mint ice cream

Local Mint to the Rescue!

Five years ago, I received an ice cream maker as a gift. A simple affair, with a removable drum that you place in your freezer until you are ready to churn a fresh batch. It languished in the closet for a few months, until the following June, when a bumper crop of mint inspired me to dust it off and create my favorite ice cream flavor. It was an instant hit and far superior to any store-bought versions. I was soon making it on repeat, and vanilla and chocolate and cherry too. The possibilities were endless! I have since learned that mass produced ice cream is among the worst of the ultra-processed foods that we consume. Most well-known brands contain ingredients far more suited to a chemistry lab than to human consumption. For a delicious and gut friendly treat, all you need are a few fresh ingredients and minimal prep time. To ensure a constant supply of fresh picked mint, plant up a few pots (it is too invasive if grown in the ground) annually. It has many culinary uses, and it smells marvelous. 

The Ice Cream

The variety of mint you use is the key to success. Choose the sweeter, thin-leaved varieties such as Kentucky Colonel, Julep and Mojito, and use in abundance. The early crop has the sweetest flavor, but you can harvest the new growth all summer long. For the custard base I used pasture-raised eggs from 8 Hands Farm in Cutchogue and organic heavy cream. Good quality chocolate chips are essential. Callebaut is my favorite, and if I cannot find it, I purchase the Ghirardelli brand from the supermarket. The chocolate chips are melted, then drizzled in during the final stages of mixing, solidifying on contact with the cold mixture. My ice cream maker is from Cuisinart, an inexpensive model, which you can purchase online for around $75. It is by no means top of the line, but does a fine job. My trusty machine has been churning away in my kitchen for years and is still going strong.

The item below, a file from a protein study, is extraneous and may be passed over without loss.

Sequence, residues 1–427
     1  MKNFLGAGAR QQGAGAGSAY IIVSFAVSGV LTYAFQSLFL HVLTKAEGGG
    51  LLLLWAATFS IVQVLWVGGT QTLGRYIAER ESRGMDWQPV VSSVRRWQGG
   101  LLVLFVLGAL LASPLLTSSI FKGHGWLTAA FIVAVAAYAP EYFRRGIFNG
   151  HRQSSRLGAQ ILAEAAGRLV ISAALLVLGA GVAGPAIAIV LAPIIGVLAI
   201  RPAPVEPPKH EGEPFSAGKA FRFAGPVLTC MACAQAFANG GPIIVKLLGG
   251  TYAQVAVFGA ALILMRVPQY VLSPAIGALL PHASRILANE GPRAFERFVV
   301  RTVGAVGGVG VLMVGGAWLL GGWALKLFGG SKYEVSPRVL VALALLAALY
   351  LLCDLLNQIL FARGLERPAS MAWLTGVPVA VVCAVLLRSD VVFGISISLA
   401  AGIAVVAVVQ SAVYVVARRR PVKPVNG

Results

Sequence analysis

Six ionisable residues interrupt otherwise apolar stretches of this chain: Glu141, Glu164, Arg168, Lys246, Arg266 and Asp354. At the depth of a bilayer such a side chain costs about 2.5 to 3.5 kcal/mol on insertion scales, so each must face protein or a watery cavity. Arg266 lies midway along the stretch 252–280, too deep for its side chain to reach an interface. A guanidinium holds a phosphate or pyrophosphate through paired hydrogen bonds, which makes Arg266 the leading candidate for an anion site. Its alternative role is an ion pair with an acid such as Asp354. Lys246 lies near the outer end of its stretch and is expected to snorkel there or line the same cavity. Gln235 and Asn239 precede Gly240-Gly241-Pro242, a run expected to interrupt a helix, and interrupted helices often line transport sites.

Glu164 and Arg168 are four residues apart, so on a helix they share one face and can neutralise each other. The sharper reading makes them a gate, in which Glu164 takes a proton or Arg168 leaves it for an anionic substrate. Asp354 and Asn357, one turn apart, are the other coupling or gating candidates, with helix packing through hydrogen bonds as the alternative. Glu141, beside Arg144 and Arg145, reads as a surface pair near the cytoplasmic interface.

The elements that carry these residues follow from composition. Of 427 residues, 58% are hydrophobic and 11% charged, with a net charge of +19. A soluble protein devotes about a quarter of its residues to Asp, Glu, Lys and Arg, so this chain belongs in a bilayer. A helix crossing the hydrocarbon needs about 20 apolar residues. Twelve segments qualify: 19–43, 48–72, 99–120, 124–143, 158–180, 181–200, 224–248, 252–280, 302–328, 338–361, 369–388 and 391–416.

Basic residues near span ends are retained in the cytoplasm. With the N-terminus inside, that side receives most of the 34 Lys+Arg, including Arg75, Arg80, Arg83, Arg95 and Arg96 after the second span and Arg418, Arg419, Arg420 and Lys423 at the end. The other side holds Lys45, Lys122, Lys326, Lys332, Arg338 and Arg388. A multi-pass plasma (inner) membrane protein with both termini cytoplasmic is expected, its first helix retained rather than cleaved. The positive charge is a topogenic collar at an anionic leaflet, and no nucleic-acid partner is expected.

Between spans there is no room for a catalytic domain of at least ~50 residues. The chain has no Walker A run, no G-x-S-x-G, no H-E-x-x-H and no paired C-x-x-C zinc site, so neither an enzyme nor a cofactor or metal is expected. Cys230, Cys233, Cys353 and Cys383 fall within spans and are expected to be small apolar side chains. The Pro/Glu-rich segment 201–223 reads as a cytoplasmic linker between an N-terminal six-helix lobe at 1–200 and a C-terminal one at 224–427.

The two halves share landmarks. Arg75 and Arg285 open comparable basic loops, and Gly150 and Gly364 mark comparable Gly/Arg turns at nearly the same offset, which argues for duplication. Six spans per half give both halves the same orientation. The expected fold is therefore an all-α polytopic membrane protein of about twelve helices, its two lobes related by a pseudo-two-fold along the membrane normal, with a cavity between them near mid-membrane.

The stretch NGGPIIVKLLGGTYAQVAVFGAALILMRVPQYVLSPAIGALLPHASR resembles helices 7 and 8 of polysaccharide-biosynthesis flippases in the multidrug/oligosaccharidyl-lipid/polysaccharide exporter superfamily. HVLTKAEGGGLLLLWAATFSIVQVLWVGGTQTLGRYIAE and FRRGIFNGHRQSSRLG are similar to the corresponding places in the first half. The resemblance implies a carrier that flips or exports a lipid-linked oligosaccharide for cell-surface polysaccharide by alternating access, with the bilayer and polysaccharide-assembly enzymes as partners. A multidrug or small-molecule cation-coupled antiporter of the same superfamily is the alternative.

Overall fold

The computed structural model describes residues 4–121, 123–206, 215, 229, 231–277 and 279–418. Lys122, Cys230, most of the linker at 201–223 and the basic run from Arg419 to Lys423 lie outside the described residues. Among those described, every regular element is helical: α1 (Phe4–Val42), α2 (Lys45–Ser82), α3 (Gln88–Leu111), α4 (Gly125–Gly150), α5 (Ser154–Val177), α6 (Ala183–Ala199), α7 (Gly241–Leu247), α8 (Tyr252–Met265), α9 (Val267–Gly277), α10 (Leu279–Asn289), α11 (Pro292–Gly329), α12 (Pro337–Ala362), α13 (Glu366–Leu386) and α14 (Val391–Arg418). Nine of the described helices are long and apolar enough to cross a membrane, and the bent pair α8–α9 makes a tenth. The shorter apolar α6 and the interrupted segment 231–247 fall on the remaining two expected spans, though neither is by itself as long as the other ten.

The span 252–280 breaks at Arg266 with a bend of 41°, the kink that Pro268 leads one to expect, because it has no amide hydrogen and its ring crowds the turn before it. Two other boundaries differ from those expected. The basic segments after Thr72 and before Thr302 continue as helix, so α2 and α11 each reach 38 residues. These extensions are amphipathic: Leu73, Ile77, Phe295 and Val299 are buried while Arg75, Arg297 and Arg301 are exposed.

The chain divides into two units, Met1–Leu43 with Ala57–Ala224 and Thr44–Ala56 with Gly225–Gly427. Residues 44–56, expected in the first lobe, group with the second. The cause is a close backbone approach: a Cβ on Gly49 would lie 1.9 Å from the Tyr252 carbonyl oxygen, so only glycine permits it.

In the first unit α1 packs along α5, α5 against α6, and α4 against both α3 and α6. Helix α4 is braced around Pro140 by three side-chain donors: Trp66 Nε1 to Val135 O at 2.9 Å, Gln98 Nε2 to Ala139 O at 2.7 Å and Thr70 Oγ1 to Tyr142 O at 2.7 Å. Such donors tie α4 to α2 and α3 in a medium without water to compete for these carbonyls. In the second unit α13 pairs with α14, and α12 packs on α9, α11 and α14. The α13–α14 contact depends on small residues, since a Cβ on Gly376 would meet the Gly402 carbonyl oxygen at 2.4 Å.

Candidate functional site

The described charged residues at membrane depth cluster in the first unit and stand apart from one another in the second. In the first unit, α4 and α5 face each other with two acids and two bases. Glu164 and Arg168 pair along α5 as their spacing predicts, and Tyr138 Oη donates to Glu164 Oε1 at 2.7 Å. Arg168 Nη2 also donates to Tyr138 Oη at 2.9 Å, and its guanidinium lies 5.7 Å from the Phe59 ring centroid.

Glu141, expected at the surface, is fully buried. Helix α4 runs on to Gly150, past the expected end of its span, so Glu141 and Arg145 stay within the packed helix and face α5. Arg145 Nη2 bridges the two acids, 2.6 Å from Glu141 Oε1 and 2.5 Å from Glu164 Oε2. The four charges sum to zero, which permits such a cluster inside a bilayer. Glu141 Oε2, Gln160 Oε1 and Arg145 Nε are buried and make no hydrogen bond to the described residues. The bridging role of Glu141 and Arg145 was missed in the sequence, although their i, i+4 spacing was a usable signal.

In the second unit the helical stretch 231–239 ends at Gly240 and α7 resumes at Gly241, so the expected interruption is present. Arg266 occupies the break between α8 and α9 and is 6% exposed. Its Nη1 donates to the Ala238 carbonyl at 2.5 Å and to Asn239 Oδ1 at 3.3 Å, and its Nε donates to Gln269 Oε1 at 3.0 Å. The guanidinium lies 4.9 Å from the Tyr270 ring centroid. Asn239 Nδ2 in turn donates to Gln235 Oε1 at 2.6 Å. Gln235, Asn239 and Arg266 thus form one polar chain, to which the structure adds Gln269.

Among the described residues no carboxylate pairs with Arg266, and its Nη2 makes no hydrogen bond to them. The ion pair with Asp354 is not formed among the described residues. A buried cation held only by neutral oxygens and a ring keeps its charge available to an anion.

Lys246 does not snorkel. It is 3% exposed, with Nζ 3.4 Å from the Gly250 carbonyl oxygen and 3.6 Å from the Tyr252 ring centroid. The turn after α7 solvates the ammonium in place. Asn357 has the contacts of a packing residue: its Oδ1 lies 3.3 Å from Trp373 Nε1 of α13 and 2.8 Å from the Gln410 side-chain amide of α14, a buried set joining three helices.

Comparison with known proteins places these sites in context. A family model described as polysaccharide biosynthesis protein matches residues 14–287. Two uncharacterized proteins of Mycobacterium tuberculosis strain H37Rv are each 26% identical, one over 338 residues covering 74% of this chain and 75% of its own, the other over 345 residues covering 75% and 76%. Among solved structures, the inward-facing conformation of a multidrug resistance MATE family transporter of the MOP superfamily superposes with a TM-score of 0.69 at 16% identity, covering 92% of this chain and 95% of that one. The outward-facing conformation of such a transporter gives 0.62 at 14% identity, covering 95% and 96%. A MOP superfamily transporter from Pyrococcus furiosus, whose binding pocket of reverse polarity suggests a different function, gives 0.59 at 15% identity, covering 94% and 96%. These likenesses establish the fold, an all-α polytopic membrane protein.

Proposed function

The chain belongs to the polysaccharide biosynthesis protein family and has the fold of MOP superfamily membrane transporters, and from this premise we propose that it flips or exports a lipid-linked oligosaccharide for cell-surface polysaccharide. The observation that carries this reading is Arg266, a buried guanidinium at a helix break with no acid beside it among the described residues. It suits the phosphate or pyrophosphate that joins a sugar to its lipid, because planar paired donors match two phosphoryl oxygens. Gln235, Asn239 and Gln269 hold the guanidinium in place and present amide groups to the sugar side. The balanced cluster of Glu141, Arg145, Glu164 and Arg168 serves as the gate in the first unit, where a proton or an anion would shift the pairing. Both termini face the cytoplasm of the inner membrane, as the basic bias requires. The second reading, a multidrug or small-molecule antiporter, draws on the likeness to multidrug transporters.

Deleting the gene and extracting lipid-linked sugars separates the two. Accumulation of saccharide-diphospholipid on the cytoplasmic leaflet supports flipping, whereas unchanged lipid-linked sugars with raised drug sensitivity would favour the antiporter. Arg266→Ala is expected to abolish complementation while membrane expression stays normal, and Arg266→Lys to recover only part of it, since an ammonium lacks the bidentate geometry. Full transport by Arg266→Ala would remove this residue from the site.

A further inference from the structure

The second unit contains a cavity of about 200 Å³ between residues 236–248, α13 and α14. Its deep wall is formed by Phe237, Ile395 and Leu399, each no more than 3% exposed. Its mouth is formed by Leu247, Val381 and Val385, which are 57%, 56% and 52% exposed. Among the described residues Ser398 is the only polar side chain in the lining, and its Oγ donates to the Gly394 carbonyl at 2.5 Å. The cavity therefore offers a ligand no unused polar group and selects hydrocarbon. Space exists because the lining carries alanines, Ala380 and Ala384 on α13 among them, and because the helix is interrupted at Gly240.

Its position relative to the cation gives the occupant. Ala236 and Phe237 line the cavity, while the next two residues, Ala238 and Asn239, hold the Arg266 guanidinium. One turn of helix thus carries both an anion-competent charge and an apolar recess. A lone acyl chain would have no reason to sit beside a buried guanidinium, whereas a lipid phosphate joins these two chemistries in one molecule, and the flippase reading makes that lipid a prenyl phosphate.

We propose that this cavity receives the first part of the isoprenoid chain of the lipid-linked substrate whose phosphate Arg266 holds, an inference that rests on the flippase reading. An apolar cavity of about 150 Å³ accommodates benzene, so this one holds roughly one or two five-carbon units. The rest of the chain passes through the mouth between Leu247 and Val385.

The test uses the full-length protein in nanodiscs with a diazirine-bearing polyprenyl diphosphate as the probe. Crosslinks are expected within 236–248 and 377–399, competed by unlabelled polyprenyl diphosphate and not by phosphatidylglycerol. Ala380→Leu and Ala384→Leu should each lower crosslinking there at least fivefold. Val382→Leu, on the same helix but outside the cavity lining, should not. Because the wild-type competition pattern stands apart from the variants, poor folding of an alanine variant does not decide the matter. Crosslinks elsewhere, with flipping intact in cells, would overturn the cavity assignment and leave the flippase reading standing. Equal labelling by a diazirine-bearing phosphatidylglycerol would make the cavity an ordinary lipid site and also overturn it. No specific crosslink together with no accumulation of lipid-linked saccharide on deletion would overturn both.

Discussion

1 large bunch spearmint leaves
5 organic egg yolks
2 cups organic cream
1 cup whole organic milk
2/3 cups sugar
Pinch of fine sea salt


Strip the leaves from the stalks and wash and dry thoroughly. Place the leaves, milk, one cup of the cream and the sugar in a small, heavy saucepan. Warm over low heat, while stirring and pressing gently on the mint to extract maximum flavor. Heat until just hot, but not boiling. Remove from the stove and cool. Place in the fridge for at least eight hours and preferably overnight.

Treiber Farms Manager Brooke Parrett helped us select fresh spearmint on opening day at the Greenport Farmers Market (open in Mitchell Park Fridays from 3 to 6:30 p.m.)

When you are ready to make the custard base, place the egg yolks in a medium bowl and whisk until well blended. Strain the chilled mint cream through a fine mesh sieve, placed over a heavy saucepan. Discard the leaves. Heat the strained cream over medium until fine bubbles appear at the sides of the pan. The mixture should never boil. Add half of the warmed cream mixture to the bowl with the eggs and whisk together, before adding back to the pan with the rest. This is called tempering and helps to prevent curdling.  Stir the mixture continuously over low heat for about 4-5 minutes until it starts to thicken. The mixture should coat the back of the spoon and when you draw a knife across it will leave a clear trail. If you are using a confectionery thermometer, the temperature should be around 170 degrees, but not more than 180 degrees. Once your custard has started to thicken, remove it from the heat, and stir in a pinch of fine sea salt.

Strain the mixture through a fine mesh sieve into a clean bowl and add the additional cup of heavy cream. Immediately set the bowl of custard into a larger bowl filled with ice cubes and water. Stir from time to time until cold. Cover and place in the refrigerator to chill and thicken up for at least 6 hours and up to one day.

Assembling the Ice Cream


¾ cup dark chocolate chips
1 tsp. neutral oil, such as avocado or canola

Place the chocolate chips and oil in a small heatproof bowl. Place the bowl over a small pan of simmering water (the bowl should not touch the surface of the water) and stir until the chocolate is melted. Set aside to cool slightly. Following the instructions on your ice cream maker, process the chilled custard until it is almost frozen. Using a small spoon, slowly drizzle the melted chocolate over the ice cream. The chocolate will harden on contact. Churn the mixture for a few more minutes until fully frozen and thickened. Place in a lidded plastic container and store in the freezer until ready to serve.

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